For the first time in a while the two children got to be in the presence of their mum and Dad at the same time. It has certainly been tough on the family, having to deal with the reality that an attempt on the life of one of their own was made. “I’m worried about the safety of my family,” Magabe says. This incident has laid bare the fact that our safety is not assured.
The day of the incident
It was a day like any other as Magabe went about her business in Dar es Salaam, while her husband did his political duties in the country’s capital. Little did she know that later on that day she was going to receive the shock of her life.
She had just left Kerege in Bagamoyo and decided to head to Bunju, where her longtime friend Gloria, who works as a primary school teacher, lived.
The two friends met over at Gloria’s place at around 12:30 noon they had lunch, and out of fatigue, Alicia went on to take a quick nap on the couch before heading to her place in Tegeta, a house she shares with her husband and their two children.
After about 25 minutes, Alicia was awoken by Gloria, advising her that if she sleeps a lot during the day, she will lack sleep later at night. “After waking up I decided to check my phones for any important messages,” she recalls, continuing, “I checked my first phone and saw a message from Lillian Masiaga, a member of Chadema and a distant relative. The message read “Hello sister, I hope all is well, there’s unconfirmed news that’s circulating, if it’s indeed true, I send my condolences.” Magabe was taken aback by the message. First thing that came to her mind was that her husband was involved in an accident.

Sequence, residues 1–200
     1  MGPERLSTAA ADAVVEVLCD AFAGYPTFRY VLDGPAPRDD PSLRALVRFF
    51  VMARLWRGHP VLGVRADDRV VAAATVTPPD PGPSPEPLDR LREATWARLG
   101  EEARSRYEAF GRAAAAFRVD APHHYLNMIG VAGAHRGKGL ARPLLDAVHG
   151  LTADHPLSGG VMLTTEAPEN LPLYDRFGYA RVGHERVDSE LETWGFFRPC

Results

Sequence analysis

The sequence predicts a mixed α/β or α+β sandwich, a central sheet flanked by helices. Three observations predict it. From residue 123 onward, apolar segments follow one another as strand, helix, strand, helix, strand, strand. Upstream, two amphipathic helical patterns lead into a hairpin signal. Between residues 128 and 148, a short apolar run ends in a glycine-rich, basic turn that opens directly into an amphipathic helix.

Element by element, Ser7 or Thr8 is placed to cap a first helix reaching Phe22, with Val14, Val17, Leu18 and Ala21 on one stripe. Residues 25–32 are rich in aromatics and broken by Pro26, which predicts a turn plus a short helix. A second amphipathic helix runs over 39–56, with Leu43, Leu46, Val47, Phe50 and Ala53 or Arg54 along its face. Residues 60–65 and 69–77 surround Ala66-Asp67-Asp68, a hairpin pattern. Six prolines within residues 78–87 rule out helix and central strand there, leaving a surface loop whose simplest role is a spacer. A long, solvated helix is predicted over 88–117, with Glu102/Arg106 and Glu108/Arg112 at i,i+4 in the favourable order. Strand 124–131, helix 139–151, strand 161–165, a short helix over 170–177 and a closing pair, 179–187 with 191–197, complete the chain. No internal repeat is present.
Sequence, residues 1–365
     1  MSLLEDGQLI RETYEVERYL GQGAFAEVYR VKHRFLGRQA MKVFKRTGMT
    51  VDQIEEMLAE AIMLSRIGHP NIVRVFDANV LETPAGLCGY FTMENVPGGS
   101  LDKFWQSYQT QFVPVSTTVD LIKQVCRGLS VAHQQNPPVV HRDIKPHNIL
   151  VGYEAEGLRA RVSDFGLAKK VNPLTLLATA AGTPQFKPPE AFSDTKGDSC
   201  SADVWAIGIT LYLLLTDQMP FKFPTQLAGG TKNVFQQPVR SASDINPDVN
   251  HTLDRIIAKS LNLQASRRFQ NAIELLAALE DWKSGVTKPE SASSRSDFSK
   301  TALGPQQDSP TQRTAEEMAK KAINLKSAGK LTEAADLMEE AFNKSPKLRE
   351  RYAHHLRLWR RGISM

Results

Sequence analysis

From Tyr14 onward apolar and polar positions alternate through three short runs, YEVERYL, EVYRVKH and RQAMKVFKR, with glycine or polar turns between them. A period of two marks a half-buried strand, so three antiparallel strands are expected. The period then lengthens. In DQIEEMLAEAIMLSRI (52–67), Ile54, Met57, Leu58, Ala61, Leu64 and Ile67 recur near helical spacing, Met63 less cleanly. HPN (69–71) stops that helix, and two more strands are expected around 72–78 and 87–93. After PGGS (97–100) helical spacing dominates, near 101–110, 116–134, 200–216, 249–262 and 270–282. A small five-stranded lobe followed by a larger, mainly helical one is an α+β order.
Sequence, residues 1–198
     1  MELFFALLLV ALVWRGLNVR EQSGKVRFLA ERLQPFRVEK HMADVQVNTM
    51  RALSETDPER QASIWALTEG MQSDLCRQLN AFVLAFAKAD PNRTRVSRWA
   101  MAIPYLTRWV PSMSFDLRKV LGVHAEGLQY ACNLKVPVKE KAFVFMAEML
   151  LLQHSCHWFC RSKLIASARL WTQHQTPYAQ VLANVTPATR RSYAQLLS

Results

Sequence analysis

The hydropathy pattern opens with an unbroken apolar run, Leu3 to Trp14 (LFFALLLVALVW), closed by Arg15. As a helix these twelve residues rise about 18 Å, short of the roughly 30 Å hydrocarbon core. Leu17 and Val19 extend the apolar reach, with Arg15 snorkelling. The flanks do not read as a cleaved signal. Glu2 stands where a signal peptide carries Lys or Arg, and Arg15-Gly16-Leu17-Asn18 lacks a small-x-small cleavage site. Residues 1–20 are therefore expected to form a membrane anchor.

Magabe asked her friend Gloria to call Lillian because she didn’t know if she could bear to hear the news herself. Gloria then asked to read the message first before making the phone call, hoping that Magabe had misinterpreted the message.
After handing over the phone, Magabe decided to check WhatsApp messages on her other phone while Gloria confirmed the news. Being a member of different groups affiliated to Chadema on WhatsApp, Magabe logged into one of them to see if there’s any news. “As I scrolled through the messages, I came across a message saying ‘Hon. Tundu Lissu has been shot’ I instantly screamed,” she recalls. Gloria and other people (members of Gloria’s family) who were in the house dashed to the living room upon hearing the screams.